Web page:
positive length of stay. Therefore, the Tobit model, employed in Fleischer and
Pizam, is not applicable. Alegre and Pou (2006) analyse length of stay for a
pooled cross-section of tourists visiting the Balearic Islands. They employ a logit
model, where the explanatory variable is binary (0 if length of stay is shorter
than one week and 1 otherwise). By doing so, the ensuing policy implications
are less far-reaching in the sense that all lengths of stay shorter than, say, one
week are treated alike, be they one-day stays or six-day stays. This loss of
information may be particularly worrisome when lengths of stay are not
obviously dichotomized or clustered and are, instead, roughly evenly distributed
over several days, leaving the researcher with no obvious cut-off to partition
lengths of stay arbitrarily. In any event, Alegre and Pou find, among other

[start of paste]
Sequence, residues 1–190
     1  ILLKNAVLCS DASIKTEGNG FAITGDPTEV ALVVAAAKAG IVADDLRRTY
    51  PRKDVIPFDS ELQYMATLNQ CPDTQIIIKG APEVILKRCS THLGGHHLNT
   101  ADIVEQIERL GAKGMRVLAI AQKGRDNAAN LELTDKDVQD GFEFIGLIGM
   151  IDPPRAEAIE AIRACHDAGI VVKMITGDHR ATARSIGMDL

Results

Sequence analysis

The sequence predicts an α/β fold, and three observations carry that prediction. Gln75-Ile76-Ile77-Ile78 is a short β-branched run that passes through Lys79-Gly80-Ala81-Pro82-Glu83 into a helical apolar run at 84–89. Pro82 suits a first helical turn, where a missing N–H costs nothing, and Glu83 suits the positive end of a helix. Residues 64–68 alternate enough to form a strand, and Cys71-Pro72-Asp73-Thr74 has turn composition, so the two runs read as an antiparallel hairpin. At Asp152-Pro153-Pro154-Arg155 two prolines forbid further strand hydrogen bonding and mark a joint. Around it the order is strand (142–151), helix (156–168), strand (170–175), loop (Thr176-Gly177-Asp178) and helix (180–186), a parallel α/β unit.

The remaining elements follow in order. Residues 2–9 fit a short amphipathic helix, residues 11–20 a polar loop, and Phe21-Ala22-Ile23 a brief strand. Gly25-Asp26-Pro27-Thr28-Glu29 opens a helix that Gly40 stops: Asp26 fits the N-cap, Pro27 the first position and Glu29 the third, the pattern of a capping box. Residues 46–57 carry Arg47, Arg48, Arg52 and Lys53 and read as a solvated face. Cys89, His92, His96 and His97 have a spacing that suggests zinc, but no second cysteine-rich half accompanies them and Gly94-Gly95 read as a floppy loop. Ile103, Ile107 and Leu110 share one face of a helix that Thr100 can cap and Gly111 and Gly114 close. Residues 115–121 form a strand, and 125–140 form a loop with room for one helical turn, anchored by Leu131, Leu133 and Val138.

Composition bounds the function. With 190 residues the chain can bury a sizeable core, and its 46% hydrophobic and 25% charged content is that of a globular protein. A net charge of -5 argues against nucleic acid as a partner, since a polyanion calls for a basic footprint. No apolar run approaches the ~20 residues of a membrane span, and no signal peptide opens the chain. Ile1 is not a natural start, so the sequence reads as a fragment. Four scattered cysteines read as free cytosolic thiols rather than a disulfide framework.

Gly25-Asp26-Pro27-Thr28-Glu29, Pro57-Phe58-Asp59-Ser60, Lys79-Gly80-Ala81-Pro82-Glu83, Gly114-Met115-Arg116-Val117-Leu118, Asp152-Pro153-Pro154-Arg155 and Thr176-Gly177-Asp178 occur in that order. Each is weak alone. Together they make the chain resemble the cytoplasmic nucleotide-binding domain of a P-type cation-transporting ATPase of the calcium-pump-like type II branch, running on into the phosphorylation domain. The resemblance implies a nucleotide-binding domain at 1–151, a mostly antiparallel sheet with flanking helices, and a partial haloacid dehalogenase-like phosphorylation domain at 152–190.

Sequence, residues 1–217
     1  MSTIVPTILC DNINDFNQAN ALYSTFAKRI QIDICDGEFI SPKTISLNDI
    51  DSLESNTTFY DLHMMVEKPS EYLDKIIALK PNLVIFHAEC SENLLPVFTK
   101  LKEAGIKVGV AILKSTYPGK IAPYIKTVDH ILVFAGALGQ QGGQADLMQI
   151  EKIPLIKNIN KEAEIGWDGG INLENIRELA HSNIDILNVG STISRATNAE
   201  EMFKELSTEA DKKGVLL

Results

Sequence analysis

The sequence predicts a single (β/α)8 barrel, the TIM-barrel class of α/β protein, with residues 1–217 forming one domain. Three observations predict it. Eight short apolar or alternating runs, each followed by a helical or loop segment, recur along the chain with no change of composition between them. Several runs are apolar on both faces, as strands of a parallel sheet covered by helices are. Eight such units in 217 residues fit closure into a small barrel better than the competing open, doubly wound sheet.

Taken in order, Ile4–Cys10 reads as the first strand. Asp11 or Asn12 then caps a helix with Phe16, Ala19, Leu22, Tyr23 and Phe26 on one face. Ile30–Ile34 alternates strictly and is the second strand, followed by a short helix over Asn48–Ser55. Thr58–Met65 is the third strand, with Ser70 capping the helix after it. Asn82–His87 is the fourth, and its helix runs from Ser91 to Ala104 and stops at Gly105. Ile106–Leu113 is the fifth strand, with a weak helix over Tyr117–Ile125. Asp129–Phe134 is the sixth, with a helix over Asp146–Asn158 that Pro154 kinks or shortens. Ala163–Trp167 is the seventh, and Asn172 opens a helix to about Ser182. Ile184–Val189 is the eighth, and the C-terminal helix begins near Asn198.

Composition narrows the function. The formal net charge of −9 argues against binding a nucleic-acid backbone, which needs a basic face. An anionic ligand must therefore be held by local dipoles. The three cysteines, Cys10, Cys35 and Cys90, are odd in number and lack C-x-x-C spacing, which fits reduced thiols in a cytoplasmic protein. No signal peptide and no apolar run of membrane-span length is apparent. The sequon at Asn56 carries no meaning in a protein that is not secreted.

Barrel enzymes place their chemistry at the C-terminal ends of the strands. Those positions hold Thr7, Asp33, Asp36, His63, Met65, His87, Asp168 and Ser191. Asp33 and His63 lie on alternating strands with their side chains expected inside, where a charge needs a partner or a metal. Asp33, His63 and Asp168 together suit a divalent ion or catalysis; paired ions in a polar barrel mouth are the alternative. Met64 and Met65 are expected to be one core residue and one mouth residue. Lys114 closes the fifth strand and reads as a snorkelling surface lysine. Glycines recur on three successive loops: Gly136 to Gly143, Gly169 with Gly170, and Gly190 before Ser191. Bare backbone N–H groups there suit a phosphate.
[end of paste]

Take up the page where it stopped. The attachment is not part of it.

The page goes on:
results, that labour status, nationality and repeat visitation rate are statistically
significant determinants of length of stay. Alternatively, several authors employ
count data models successfully to study tourism demand. Smith (1988) employs
count data models to estimate per trip consumer surplus for a sample of
households in Pennsylvania. Hellerstein (1991) also employs count data models
to estimate a county-level travel cost model, based on aggregate data from the
state of Minnesota. More recently, Hellström (2006) estimates a bivariate count
data model for household tourism demand with Swedish data to study
house-holds’ joint choice of the number of leisure trips and the number of total nights
*spent on these trips. Palmer-Tous et al (2007) employ count models to estimate*